Specific surface functionality Protect your tools: coatings for almost every application
Tools, regardless of the industry, are sometimes exposed to extreme conditions during operation. The tools, in particular their surfaces, have to withstand temperature changes, sometimes enormous pressures and the effects of the processed materials — certain coatings can help counteract these issues.
Coatings can be applied to the tool surfaces to protect them. Various application methods are currently available on the market. The non-profit KIMW Forschungs-GmbH (KIMW-F) based in Lüdenscheid has specialised in chemical vapour deposition (CVD). In this process, the use of metal-organic precursor compounds (MO-CVD) makes it possible to reduce the coating temperatures to values between 200°C and 500°C. This makes it possible to produce even complex and difficult materials. In this way, it is possible to coat even complex and customised tools without changing the dimensional accuracy and the mechanical properties. In addition, the coatings applied in this way are highly crevice-resistant and have a high 3D capability. The application of homogeneous and contour-conform coatings is thus possible even on very demanding and complex geometries. The coating properties (thickness, crystallinity, density) depend on the process parameters. The inflow of precursor compounds and other reactants, the gas supply, the pressure and temperature in the reactor as well as the evaporator temperature can be precisely controlled. By selecting the process parameters, the 3D conformity and gap mobility of the coatings can be varied in a targeted manner. In contrast to plasma-based processes, very high aspect ratios (depth of a hole / diameter of a hole) can be homogeneously coated in the thermal CVD process.
KIMW-F operates five CVD hot-wall reactors
Over the last few years, KIMW-F has been able to greatly expand its CVD coating technology and currently has five CVD hot-wall reactors of different sizes. In this type of reactor, the entire volume of the coating chamber is brought to the required temperature by an external heating source. The associated system periphery was specifically adapted to the reactor volume and the applied coating systems and associated precursor compounds. The liquid, solid or dissolved chemicals used for layer deposition are fed into the reactors by computer-controlled dosing systems. The patented mini-extruder used to convey powder precursors was developed and built at the KIMW-F.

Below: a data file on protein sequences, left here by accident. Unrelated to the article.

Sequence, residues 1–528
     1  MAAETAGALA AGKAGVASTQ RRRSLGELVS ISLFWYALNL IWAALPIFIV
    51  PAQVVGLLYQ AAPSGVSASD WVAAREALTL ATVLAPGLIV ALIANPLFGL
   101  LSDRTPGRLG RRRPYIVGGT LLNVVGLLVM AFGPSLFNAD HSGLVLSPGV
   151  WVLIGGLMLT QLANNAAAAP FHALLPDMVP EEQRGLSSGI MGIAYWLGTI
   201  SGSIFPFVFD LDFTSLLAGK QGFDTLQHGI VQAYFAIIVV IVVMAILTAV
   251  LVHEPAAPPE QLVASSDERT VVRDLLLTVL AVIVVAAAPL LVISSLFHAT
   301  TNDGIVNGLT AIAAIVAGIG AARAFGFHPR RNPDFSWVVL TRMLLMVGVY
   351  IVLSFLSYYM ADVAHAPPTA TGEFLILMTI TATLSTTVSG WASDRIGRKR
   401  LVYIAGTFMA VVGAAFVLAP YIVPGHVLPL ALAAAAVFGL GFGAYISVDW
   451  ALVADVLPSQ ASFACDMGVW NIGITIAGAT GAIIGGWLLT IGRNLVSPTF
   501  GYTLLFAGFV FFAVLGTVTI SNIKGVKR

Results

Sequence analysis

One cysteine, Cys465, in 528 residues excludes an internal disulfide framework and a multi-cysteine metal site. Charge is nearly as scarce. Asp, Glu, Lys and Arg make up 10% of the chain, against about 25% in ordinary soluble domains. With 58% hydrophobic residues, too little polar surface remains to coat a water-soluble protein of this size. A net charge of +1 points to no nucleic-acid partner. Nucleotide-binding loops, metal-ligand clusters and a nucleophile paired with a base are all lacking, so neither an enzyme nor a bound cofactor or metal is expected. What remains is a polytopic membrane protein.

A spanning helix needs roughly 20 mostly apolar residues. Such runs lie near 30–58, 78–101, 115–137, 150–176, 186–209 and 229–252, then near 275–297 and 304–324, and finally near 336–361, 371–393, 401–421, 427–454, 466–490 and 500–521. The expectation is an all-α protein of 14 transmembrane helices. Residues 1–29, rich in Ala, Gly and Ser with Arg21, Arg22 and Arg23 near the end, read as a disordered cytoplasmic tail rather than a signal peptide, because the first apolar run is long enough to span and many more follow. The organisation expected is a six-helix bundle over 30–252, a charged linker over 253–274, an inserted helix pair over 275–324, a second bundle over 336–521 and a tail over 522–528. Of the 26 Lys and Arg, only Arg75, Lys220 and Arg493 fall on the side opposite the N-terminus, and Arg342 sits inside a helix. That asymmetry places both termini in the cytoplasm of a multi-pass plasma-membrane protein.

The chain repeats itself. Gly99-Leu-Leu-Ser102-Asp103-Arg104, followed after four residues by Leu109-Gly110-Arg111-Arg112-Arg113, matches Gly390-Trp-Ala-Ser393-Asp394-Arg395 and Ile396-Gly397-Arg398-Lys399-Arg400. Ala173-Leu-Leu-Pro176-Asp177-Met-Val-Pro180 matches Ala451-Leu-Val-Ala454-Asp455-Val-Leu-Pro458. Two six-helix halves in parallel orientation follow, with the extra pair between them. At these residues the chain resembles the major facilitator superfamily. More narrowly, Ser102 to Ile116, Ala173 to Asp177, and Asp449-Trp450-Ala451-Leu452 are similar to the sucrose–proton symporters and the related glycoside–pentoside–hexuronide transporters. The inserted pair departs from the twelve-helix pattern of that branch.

In the smallest of the plants, which is used for layer redevelopment and optimisation of layer deposition depending on the process parameters, sample coins of 20 mm diameter can be coated. The reaction chamber of the pilot plant is deliberately kept small in order to achieve fast process control with high layer growth rates and minimal material turnover at the same time. This allows a massive reduction in the time and cost of coating development. Thanks to the same precursor conveyor system, a simple upscaling of the processes is possible using the next larger CVD system with a reactor diameter of 90 mm. Multilayer coatings of precursors brought into solution, which can be conveyed alternately, are applied to the substrates in a system with a volume of 70 litres and a diameter of 208 mm. The coating structure achieved in this way ensures high media resistance and corrosion protection. Another plant of the same size is operated with the patented solids delivery system. The largest of the five reactors, with a diameter of 540 mm, also offers space for the coating of larger tool inserts.
In addition to a wide range of oxide coatings (modifications of zirconium oxide, aluminium oxide, chromium oxide, copper oxide and silicon oxide), hard material coatings such as chromium carbide and tungsten carbide as well as metallic copper coatings can be applied to various tool surfaces. KIMW-F has extensive know-how in the production of multi-layer coatings, whose individual layers in combination can both reinforce a property and have different properties in the layer structure, thus enabling the desired functionality.
By optimising the process parameters and the reactor design, it has already been possible to improve the functionalities of thermally and electrically insulating coatings, coatings for corrosion protection, coatings for demoulding improvement and coating reduction in the injection moulding process, as well as wear protection coatings and electrically conductive coatings.
Coating analysis closely linked to optimisation of coating performance
The optimisation steps are closely linked to the layer analysis. This has also recently been expanded so that the KIWM-F can now examine the layer properties and layer performance directly on site using digital microscopy, scanning electron microscopy (SEM (incl. EDX detector)), X-ray fluorescence analyser, micro-nano-mechanical measuring device and impedance spectrometer and analyse layer properties such as hardness, layer thickness, composition, wear resistance, adhesion, porosity, tribology and media density.
In addition to the application of tribological coating systems and the use of remote plasma to improve adhesion and the coating of plastic components, the KIMW-F will also focus on the targeted use of functional coatings in other industries in the future.